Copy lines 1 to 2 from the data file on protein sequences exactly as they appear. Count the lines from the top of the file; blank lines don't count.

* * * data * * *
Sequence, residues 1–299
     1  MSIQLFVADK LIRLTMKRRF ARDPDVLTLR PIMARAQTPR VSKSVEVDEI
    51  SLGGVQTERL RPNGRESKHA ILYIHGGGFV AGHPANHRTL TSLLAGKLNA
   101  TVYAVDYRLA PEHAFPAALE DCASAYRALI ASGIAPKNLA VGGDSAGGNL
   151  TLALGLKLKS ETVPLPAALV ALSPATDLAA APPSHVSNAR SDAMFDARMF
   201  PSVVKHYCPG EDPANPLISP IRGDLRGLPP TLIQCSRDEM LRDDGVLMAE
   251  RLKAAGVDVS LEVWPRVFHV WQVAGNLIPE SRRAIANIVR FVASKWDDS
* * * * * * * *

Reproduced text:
Sequence, residues 1–299
     1  MSIQLFVADK LIRLTMKRRF ARDPDVLTLR PIMARAQTPR VSKSVEVDEI